Like patching a flat tire: New fix heals herniated discs
A new two-step technique to repair herniated discs uses hyaluronic acid gel to re-inflate the disc and collagen gel to seal the hole, essentially repairing ruptured discs like you'd repair a flat tire.
The inactivated human receptor will help to create effective drugs
Scientists from China and Russia found a new way of searching for new drug candidates by inactivating the molecular structure of the human muscarinic receptor and applying screening to find drugs that it responds to.
Newer anti-HIV drugs safest, most effective during pregnancy
The antiretroviral drugs dolutegravir and emtricitabine/tenofovir alafenamide fumarate (DTG+FTC/TAF) may comprise the safest and most effective HIV treatment regimen currently available during pregnancy, researchers announced today.
Study: Layoffs lead to higher rates of violent offenses and property crimes
Displaced workers experienced a 20% increase in criminal charges the year after being laid off
Heavy stress and lifestyle can predict how long we live
Life expectancy is influenced not only by the traditional lifestyle-related risk factors but also by factors related to a person's quality of life, such as heavy stress.
Antibiotics: City dwellers and children take the most
City dwellers take more antibiotics than people in rural areas; children and the elderly use them more often than middle-aged people; the use of antibiotics decreases as education increases, but only in rich countries: These are three of the more striking trends identified by researchers of the NRW Forschungskolleg ''One Health and Urban Transformation'' at the University of Bonn.
Microbial DNA in patient blood may be tell-tale sign of cancer
From a simple blood draw, microbial DNA may reveal who has cancer and which type, even at early stages.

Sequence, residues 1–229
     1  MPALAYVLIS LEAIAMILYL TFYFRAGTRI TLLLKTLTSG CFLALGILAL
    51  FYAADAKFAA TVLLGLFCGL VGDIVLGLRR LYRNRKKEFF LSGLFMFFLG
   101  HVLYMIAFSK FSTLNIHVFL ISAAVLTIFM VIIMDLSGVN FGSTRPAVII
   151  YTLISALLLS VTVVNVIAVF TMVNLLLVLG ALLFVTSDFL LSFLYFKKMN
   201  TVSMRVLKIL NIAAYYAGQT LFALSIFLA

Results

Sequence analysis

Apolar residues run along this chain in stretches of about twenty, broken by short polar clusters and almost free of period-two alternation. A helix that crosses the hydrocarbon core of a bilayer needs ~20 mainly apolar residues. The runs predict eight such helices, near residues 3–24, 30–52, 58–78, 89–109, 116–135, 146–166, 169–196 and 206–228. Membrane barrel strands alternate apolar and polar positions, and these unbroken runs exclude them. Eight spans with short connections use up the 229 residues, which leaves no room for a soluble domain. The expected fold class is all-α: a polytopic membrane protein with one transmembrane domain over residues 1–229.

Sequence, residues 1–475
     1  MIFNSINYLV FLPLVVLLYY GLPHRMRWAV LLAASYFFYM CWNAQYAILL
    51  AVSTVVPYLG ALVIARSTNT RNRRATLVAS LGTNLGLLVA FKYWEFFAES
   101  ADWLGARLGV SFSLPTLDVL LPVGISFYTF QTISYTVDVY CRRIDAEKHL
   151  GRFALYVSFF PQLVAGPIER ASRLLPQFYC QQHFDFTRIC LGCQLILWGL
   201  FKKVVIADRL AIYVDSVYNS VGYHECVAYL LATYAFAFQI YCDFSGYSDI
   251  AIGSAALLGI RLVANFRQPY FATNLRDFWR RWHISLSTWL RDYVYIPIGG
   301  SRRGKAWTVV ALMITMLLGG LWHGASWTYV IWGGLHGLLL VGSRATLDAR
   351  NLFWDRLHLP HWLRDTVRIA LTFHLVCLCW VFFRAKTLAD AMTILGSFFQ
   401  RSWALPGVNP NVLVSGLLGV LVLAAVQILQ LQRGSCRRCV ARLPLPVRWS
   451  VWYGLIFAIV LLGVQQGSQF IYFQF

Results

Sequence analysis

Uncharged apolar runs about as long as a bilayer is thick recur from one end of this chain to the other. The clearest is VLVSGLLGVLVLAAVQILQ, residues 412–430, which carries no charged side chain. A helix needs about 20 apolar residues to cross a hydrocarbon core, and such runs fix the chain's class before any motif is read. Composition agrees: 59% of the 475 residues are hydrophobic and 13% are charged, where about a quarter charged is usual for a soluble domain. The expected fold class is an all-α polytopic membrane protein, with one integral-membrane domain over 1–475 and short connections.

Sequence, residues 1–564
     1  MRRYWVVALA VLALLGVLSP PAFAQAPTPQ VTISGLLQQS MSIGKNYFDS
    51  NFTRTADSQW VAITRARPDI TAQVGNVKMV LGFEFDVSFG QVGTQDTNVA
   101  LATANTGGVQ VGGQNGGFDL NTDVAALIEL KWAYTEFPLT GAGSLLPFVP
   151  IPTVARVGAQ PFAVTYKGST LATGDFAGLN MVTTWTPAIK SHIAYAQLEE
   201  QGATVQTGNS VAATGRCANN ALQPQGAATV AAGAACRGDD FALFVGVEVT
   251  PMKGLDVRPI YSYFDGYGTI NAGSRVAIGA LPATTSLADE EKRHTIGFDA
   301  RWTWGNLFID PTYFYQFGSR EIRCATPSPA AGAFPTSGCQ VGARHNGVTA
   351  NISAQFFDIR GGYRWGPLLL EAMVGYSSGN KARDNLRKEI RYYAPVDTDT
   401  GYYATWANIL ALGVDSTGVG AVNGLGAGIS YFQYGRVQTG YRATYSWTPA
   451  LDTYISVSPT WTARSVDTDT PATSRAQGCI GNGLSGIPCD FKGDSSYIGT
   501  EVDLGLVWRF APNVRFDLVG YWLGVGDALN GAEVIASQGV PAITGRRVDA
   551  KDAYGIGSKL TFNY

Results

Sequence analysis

Researchers promote cancer cell growth in the near infrared region by using silica coated gold nano
In a report published in NANO, a group of researchers from the Republic of Korea have discovered a method to promote cancer cell growth using silica-coated gold nanorods.
Researchers find new minor planets beyond Neptune
Using data from the Dark Energy Survey, researchers have found and cataloged more than 300 minor planets beyond Neptune, including more than 100 new discoveries.
Virtual reality shows promise for early detection of MS balance problems
People with multiple sclerosis (MS) often have a greatly increased risk of falling and injuring themselves even when they feel they're able to walk normally.
Is intensive agriculture reducing mourning dove reproduction in the eastern US?
Populations of some common bird species, including the familiar mourning dove, have been on the decline in North America.
Climate change could threaten sea snails in mid-Atlantic waters
Climate change could threaten the survival and development of common whelk -- a type of sea snail -- in the mid-Atlantic region, according to a study led by scientists at Rutgers University-New Brunswick.